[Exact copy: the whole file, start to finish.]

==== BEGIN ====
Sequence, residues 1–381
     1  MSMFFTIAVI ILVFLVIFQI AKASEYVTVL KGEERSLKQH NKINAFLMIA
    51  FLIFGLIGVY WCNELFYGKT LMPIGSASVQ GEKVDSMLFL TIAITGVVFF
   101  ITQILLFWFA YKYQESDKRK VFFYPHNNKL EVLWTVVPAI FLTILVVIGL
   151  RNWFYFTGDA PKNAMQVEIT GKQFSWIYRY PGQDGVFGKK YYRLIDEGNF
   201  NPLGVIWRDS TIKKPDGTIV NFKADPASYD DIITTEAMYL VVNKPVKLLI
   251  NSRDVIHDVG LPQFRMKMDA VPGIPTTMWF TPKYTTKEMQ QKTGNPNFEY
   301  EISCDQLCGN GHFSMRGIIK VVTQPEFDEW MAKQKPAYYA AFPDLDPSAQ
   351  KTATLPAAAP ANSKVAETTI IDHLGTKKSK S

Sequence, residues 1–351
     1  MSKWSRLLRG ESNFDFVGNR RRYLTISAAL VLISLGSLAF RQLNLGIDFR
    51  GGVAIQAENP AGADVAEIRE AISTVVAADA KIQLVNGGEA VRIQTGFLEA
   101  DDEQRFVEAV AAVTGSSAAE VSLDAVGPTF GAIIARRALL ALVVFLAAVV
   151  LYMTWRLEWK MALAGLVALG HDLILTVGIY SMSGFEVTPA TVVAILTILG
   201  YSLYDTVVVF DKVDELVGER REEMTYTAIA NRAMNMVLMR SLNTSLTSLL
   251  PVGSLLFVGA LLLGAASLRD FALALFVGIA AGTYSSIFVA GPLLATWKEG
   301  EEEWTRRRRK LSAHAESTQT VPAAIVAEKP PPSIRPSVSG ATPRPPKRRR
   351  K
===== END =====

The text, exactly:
Sequence, residues 1–381
     1  MSMFFTIAVI ILVFLVIFQI AKASEYVTVL KGEERSLKQH NKINAFLMIA
    51  FLIFGLIGVY WCNELFYGKT LMPIGSASVQ GEKVDSMLFL TIAITGVVFF
   101  ITQILLFWFA YKYQESDKRK VFFYPHNNKL EVLWTVVPAI FLTILVVIGL
   151  RNWFYFTGDA PKNAMQVEIT GKQFSWIYRY PGQDGVFGKK YYRLIDEGNF
   201  NPLGVIWRDS TIKKPDGTIV NFKADPASYD DIITTEAMYL VVNKPVKLLI
   251  NSRDVIHDVG LPQFRMKMDA VPGIPTTMWF TPKYTTKEMQ QKTGNPNFEY
   301  EISCDQLCGN GHFSMRGIIK VVTQPEFDEW MAKQKPAYYA AFPDLDPSAQ
   351  KTATLPAAAP ANSKVAETTI IDHLGTKKSK S

Sequence, residues 1–351
     1  MSKWSRLLRG ESNFDFVGNR RRYLTISAAL VLISLGSLAF RQLNLGIDFR
    51  GGVAIQAENP AGADVAEIRE AISTVVAADA KIQLVNGGEA VRIQTGFLEA
   101  DDEQRFVEAV AAVTGSSAAE VSLDAVGPTF GAIIARRALL ALVVFLAAVV
   151  LYMTWRLEWK MALAGLVALG HDLILTVGIY SMSGFEVTPA TVVAILTILG
   201  YSLYDTVVVF DKVDELVGER REEMTYTAIA NRAMNMVLMR SLNTSLTSLL
   251  PVGSLLFVGA LLLGAASLRD FALALFVGIA AGTYSSIFVA GPLLATWKEG
   301  EEEWTRRRRK LSAHAESTQT VPAAIVAEKP PPSIRPSVSG ATPRPPKRRR
   351  K